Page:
― Desmond Tutu


For more information about how you can help call us at 866-459-7225 or visit our website at http://simpleacts.org

The Evolution of a Bully | Corona, CA

Bullying is about the abuse of power. Children who bully abuse their power to hurt others, deliberately and repeatedly. They are often hot-tempered, inflexible, overly confident, and don’t like to follow rules. Often they lack empathy and many also like inflicting pain on others. They often seek out to dominate and control others.  They perceive hostile intent where there isn’t one.  Overreact aggressively to ambiguous situations, and hold beliefs that support violence.

In the preschool years, bullies often use direct verbal bullying and physical power to control material objects or territory. They may not have the skills necessary to interact in socially appropriate ways.

In the elementary school years, bullies are more inclined to use threats and physical force.  It is also combined with direct verbal bullying, to make victims do things that they do not want to do. During this time period, some children may begin to use indirect bullying to exclude peers from their social circle and activities.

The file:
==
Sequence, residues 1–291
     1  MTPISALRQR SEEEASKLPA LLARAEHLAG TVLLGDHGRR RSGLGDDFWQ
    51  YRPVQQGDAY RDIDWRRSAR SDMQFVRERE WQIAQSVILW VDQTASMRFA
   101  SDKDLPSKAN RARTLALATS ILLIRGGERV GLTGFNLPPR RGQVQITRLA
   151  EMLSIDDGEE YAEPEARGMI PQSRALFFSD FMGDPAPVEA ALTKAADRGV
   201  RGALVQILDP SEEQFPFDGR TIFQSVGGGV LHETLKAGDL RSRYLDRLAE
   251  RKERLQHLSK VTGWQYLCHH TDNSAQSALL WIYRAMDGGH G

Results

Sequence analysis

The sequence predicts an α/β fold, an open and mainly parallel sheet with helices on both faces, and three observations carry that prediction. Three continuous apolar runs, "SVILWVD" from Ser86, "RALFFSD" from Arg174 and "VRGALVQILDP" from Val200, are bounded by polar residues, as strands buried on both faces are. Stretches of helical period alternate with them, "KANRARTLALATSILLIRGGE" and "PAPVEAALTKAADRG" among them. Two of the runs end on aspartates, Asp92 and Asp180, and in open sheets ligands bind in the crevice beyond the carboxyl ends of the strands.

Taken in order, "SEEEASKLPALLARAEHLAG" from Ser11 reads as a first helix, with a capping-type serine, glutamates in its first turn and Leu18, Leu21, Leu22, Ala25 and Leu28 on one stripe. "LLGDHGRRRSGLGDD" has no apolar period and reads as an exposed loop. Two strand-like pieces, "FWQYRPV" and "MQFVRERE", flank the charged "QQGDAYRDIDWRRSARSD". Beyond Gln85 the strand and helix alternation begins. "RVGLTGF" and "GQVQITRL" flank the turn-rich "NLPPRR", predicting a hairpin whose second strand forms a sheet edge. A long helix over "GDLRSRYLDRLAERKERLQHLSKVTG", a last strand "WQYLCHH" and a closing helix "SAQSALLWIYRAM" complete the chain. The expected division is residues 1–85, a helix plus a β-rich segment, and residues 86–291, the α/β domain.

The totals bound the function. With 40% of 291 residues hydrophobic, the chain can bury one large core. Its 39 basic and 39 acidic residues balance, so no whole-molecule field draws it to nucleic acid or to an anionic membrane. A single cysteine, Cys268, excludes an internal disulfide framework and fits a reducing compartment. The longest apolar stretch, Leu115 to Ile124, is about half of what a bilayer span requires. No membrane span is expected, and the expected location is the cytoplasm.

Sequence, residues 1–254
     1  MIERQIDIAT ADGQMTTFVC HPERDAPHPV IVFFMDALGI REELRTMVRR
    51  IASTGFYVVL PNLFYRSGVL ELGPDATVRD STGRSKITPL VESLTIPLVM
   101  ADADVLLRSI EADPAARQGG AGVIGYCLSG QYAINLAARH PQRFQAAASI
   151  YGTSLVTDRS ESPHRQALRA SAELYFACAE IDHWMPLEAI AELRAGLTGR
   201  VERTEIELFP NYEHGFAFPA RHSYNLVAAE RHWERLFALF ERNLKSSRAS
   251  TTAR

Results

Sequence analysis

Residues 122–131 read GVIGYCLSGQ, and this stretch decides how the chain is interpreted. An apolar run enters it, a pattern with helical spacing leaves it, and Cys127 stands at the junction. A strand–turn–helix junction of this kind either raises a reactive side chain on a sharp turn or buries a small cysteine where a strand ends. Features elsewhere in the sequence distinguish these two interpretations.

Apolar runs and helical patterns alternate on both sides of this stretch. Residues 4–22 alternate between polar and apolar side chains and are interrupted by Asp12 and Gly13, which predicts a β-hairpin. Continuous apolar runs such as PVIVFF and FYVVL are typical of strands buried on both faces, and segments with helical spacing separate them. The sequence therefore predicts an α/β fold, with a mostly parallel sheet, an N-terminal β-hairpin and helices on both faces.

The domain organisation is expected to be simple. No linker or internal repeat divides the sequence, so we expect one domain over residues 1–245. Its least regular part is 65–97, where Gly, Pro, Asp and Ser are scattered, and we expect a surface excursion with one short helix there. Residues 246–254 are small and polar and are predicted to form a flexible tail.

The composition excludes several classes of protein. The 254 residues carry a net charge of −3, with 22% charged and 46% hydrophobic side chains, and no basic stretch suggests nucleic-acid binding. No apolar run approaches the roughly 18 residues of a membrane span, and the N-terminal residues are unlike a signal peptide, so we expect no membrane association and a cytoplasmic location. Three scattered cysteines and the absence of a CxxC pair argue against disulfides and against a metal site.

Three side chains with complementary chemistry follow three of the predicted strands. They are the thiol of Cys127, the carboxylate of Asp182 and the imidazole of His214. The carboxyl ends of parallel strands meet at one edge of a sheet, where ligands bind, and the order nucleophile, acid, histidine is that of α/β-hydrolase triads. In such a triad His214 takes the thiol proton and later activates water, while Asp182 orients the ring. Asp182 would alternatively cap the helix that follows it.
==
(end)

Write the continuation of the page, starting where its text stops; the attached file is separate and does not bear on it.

In the middle and high school years, bullies rely on direct verbal bullying such as name-calling and making threatening remarks.  Quite often this includes physical bullying such as pushing and hitting. Both boys and girls engage in physical bullying.  But unlike boys, girls are more likely to participate in indirect, relational bullying,  that often includes rumor-spreading and social exclusion. Use of the Internet or cell phones to send these hurtful messages takes a lead role. Boys during this time tend to rely on bullying to enhance their physical dominance, girls tend to use it to enhance their social status.